Oh crud

I sat down last night to search through my Lightroom library to find an image to post in today’s blog. When I opened the application, however, I was presented with an error telling me the library couldn’t be located. I checked my MacBook and noticed the drive wasn’t mounted. So I unplugged it and plugged it back in.

The drive wouldn’t mount.

I began to hyperventilate and thought back to what would have caused such an error. That afternoon I had difficulty waking my Mac from sleep and had to force a reboot. It doesn’t happen often, but it’s something I’ve had to do on occasion and I didn’t think anything of it. It was after that my drive went kablooey1.

I tried to see if there was something preventing the drive from mounting, and reset my Mac’s System Resource Controller, just in case something got kludged and the computer wasn’t liking the SSD any more. Nothing worked.

I tried plugging it into the other Macs we have in the house, the drive wouldn’t mount. It was identified in the System Report, but I had no way of accessing it.

I then took to Google and found a similar problem with people in a single thread of a message board. In that instance, the drive would mount on Windows, but not Mac, and the problem has something to do with the drive’s journal being corrupted. OS X was hijacking the drive and trying to run a file system check, but getting caught in a loop. Again, in that instance, killing a specific process on the computer gave access to the drive. As Windows didn’t care about the journaling on a Mac disk, the drive mounted fine. Elated, I checked my Activity Monitor for the process in question.

It wasn’t there.

By this point I was hyperventilating again, and becoming desperate. I purchased a $20 utility to allow Mac drives to boot on a windows computer and installed it on my Son’s surface. Even there, the drive wouldn’t mount.

That settled it, the SSD which held all my Photos was dead2. At this point I leaned over the screen of my MacBook and stared at my Network Attached Storage drive thinking, “Oh please, Time Machine, you really need to work.”

I fished out an older drive from my shelf, renamed it to the same name as my dead SSD3, and entered Time Machine as I held my breath in anxiety. But there, saved to the drive, were the entire contents of the expired device. Sadly, the drive I was using as my test case was neither large enough nor fast enough to become the new location of my Library. So I went to bed thinking, “ohpleaseohpleasestillbethereinthemorning4.”

Somehow, I managed to sleep.

This morning I popped up to Staples and picked up a 2TB USB 3 drive, connected it to my MacBook, and began the restore process. This is where I currently stand, about 50GB into a 287GB restoration. The current estimate is another four hours.

Let this be a lesson, though. Drives fail. You must have a backup, and even multiple backups, of any data you consider valuable5. Typically, I have three. A Time Machine backup at home, a cloud based backup in the ether, and a second Time Machine backup at my ABCNJ office. At present, however, my cloud backup is about two weeks behind6 and the Drive I’ve been using at ABCNJ died several weeks ago. I’ll be rectifying both these issues immediately.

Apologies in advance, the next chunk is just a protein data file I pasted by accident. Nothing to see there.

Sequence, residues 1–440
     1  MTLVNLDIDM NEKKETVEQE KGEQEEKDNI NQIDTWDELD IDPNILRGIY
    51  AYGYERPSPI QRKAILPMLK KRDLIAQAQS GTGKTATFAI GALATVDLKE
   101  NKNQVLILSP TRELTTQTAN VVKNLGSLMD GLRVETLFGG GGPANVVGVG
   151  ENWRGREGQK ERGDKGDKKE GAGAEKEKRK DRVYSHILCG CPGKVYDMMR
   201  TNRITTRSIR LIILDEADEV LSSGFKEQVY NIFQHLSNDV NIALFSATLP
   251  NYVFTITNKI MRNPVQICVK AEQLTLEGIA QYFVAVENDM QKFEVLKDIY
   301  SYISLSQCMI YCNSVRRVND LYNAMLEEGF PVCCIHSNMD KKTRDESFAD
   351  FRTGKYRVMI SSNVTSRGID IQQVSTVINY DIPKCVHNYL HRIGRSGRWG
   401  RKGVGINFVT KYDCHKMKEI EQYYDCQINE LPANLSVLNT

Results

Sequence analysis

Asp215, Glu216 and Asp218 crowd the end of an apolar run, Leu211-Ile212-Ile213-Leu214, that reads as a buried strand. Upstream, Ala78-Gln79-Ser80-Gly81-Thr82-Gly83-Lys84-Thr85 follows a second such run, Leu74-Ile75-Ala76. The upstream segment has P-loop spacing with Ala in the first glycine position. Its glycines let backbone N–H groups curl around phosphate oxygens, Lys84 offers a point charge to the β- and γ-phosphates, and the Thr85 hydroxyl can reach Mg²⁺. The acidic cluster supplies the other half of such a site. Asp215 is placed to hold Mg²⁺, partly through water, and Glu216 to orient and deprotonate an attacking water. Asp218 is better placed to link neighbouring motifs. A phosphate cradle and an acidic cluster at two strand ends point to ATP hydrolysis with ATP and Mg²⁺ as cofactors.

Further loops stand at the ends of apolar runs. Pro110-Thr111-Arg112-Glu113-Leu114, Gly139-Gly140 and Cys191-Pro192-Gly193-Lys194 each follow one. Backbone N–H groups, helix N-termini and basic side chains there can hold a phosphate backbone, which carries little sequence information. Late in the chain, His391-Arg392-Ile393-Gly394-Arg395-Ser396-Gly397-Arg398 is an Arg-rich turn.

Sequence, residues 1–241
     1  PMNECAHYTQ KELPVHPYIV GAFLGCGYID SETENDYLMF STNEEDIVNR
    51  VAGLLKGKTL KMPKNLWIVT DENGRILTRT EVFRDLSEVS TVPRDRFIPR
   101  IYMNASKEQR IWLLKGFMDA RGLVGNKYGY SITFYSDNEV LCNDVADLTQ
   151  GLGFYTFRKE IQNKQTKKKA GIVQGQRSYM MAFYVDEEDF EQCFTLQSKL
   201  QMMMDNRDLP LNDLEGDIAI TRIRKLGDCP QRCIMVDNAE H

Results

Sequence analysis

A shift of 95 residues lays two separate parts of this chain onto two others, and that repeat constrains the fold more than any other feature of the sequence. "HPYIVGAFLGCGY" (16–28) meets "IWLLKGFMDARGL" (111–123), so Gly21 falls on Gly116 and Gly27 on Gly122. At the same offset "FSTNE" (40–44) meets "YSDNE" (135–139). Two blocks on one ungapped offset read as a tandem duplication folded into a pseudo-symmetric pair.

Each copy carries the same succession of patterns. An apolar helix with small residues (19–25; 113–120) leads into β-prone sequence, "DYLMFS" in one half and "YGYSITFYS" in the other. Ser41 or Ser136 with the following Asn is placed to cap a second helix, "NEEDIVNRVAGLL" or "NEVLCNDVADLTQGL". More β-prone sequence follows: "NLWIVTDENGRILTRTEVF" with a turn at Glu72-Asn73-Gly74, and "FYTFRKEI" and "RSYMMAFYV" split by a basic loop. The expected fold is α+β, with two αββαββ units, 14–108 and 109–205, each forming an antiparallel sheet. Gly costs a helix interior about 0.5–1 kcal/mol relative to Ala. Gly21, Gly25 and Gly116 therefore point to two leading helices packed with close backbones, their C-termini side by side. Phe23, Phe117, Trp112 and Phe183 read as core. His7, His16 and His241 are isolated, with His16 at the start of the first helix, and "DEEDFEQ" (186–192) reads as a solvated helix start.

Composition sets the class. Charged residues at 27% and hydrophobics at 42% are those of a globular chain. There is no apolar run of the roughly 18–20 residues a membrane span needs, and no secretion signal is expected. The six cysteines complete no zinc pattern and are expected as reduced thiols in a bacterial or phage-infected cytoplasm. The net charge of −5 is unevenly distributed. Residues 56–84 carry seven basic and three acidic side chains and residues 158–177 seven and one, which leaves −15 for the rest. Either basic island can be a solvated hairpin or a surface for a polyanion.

So, if you don’t have a backup of your photos or documents or videos or whatever else you think needs to be saved for the future, back up today. That way, should your drives die, you’ll be only out hours of productivity and not a lifetime of memories.

Update – 11:30 AM

My restore is still in progress, but nearing the finish-line. I just got off of chatroom support with my drive manufacturer (Lexar) and had a great support experience7. The support specialist recognized I knew what I was doing and it allowed us to move through the standard progression of questions. I still need to do one suggested trouble-shooting step, but if that fails (which I expect it will), the drive is under warrenty and I’ll get a replacement.


  1. That’s actually a technical term. 
  2. As I consider it now, the drive had probably died while plugged into my Mac, and this likely created the instability in the system which caused it to freeze. 
  3. Time Machine has one weird quirk which I hope changes at some point in the future. The backups of external drives are only accessible if you have a drive mounted on the system which has an identical name. In many ways, I see the logic of this, but it means I need to have a drive handy if I ever want to check on a backup or restore data. 
  4. I panic at high speeds. 
  5. And “every DSLR photograph you’ve ever taken” is absolutely “valuable.” 
  6. With the service I use anytime I pause backup it decides it wants to go through the whole thing again, so my newer items have to wait to be stored. It’s a pain and I’ll be moving to a new service once my subscription is up. 
  7. I used to run tech support, so I know what good tech support looks like. 

2 Comments

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  1. It seems to me, the more you know, the more complicated life gets to be.

    Sent from my iPad

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